#25

Hey, thanks for the reply. I love these types of in depth conversations - always nice finding people who are also crazy lol. The only reason I go into the Greek and Hebrew is because I think that you get a more direct and whole view of the idea that just isn’t really explored in the English versions of the bible. Going on that idea, with the Greek - the term “death” is quite interesting and I think very different than our usual western view. Apparently, in greek death means ‘separation,’ specifically of body separating from soul. ie. the body apart from the soul is dead. If this is the case I think that it relates well saying that pre 70ad/ or maybe 33ad, everyone was dead due to the point that their soul was in hades/sheol and their body separate. Yet, after 70ad/or 33ad - due to Jesus’ death, there was no longer this death (separation) of body and soul. All of this is quite heavy theory for me right now - but I do think that it is on the right track (More reading has to be done however).

On the kingdom, I would say that the one thing that the Hebrew people wanted back then (and worked towards) was fellowship with God. An actual relationship, something that they had to get through the use of the high priest once a year through atonement. That is definitely something that Christians in general would say that we have - fellowship and a relationship with God now in this age. I think that this point is quite central to the whole kingdom argument being here already. Im sure we are both on the same page when I say this - that this is pretty much trying to test scripture, and a lot of it is theory and could very well be wrong. Still like looking into this and keen to hear any theories you have with all of it!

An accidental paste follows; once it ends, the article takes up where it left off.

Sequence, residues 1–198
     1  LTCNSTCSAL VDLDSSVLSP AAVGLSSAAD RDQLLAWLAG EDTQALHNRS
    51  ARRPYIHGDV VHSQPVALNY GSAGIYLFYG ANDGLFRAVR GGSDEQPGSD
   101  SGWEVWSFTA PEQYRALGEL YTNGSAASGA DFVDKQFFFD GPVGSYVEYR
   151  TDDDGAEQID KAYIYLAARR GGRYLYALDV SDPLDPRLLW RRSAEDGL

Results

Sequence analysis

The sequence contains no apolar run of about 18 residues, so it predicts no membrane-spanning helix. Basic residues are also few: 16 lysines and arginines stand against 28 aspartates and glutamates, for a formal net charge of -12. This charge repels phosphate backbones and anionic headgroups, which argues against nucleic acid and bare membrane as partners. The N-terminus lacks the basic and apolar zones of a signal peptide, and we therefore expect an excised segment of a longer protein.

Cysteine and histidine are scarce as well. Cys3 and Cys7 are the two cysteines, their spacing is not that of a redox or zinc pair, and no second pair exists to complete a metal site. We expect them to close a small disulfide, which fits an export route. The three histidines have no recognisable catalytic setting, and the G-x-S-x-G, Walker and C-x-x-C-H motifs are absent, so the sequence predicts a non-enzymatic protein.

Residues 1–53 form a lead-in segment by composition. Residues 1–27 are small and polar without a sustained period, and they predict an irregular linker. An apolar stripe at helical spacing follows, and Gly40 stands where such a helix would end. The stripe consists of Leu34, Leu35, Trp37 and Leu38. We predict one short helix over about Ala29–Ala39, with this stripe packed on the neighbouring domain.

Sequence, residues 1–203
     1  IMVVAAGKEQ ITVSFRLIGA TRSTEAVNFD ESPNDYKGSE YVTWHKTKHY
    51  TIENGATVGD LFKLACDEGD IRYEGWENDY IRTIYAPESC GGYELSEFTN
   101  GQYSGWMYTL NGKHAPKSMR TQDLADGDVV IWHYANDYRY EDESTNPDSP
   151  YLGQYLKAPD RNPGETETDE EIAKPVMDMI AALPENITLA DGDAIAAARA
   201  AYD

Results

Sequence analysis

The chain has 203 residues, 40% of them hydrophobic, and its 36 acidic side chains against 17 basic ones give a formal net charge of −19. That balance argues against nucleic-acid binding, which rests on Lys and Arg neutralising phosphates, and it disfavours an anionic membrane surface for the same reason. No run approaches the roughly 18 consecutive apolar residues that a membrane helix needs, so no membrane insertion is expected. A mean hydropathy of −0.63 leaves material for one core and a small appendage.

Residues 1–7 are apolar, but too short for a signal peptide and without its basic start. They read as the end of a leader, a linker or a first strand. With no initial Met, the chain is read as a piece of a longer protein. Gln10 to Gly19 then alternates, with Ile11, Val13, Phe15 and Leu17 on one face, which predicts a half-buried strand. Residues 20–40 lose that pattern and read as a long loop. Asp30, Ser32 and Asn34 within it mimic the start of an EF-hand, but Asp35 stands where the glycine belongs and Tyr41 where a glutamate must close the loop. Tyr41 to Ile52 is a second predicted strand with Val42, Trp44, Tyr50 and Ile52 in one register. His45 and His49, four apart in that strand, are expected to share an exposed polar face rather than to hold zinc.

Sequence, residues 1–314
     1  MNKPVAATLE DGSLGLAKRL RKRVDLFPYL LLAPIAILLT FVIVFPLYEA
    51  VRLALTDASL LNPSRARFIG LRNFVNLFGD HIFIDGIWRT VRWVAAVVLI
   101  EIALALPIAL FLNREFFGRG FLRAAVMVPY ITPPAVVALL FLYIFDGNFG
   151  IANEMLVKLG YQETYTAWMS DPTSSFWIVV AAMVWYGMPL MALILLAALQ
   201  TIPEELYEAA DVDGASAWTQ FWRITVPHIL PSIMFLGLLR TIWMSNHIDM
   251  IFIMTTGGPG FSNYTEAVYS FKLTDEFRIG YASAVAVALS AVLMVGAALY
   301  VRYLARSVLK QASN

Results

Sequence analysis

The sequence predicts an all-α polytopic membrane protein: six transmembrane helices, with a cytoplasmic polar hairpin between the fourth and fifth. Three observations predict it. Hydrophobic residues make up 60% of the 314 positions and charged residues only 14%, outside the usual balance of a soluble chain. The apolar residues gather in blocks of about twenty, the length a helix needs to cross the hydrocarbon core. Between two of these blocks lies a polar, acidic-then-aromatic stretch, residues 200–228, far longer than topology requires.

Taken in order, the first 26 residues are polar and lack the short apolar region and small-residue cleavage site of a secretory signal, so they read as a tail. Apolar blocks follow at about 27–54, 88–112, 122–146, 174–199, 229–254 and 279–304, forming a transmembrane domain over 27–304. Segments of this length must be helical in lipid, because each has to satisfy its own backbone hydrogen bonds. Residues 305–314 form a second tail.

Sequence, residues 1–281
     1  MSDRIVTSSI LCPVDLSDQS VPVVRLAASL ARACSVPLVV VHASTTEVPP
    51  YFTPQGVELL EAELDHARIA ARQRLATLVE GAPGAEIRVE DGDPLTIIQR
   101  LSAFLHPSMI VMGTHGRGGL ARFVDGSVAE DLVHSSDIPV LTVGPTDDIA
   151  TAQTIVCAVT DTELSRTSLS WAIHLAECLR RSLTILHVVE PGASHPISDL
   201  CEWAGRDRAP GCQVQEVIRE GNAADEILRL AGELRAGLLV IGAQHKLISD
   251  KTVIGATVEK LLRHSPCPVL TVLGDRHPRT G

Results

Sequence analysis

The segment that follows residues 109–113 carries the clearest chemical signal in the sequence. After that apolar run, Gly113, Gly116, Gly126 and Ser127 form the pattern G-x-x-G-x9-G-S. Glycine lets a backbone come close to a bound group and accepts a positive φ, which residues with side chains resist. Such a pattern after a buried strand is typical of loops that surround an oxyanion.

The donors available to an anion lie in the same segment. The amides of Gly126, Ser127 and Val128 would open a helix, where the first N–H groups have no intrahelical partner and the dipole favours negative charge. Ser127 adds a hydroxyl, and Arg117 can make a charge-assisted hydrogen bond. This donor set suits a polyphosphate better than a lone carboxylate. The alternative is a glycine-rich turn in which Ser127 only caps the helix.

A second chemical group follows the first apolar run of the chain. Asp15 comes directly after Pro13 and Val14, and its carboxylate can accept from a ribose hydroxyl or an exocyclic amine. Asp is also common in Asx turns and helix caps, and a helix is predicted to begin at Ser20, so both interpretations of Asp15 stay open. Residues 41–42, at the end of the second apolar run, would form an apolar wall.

#26

Definitely! Its always nice, in this day and age, where two people can come together with different opinions and ideas and speak to each other in civility! Especially in the context of two people earnestly wanting and seeking truth! Some truths we may never know until the consummation and maybe even then still not know the full mystery of God!

Admittedly I know very little of preterism, what little I know is that it is the general theory is that revalations was the destruction of 70 ad. And to me it just leaves a lot of questions. And I wouldnt know where to put certain verses that, in my opinion, go farther in the eonian timeline such as the reconciliation of all things which I always saw as something immediately after revelations and revelations being the process that achieved that end.

I would gladly look into any resources you have, whether I end up agreeing or not,that way maybe I can at least come to a better understanding to their theory and the answers they have pertaining to anything I may not understand.

Also speaking of the isaiah 45:7 passage about God creating good and evil I find the very cross of Christ perplexing for this very notion. One of the greatest evils being the cross, purposed by God, brought about the greatest and most good achievement of His will. From our point of view as bad and rightfully so, was saw from Gods bird eye view and was used to create something overwhelmingly good!

Ill probably be off for the night but look foreward to any material you may have delving into the topic!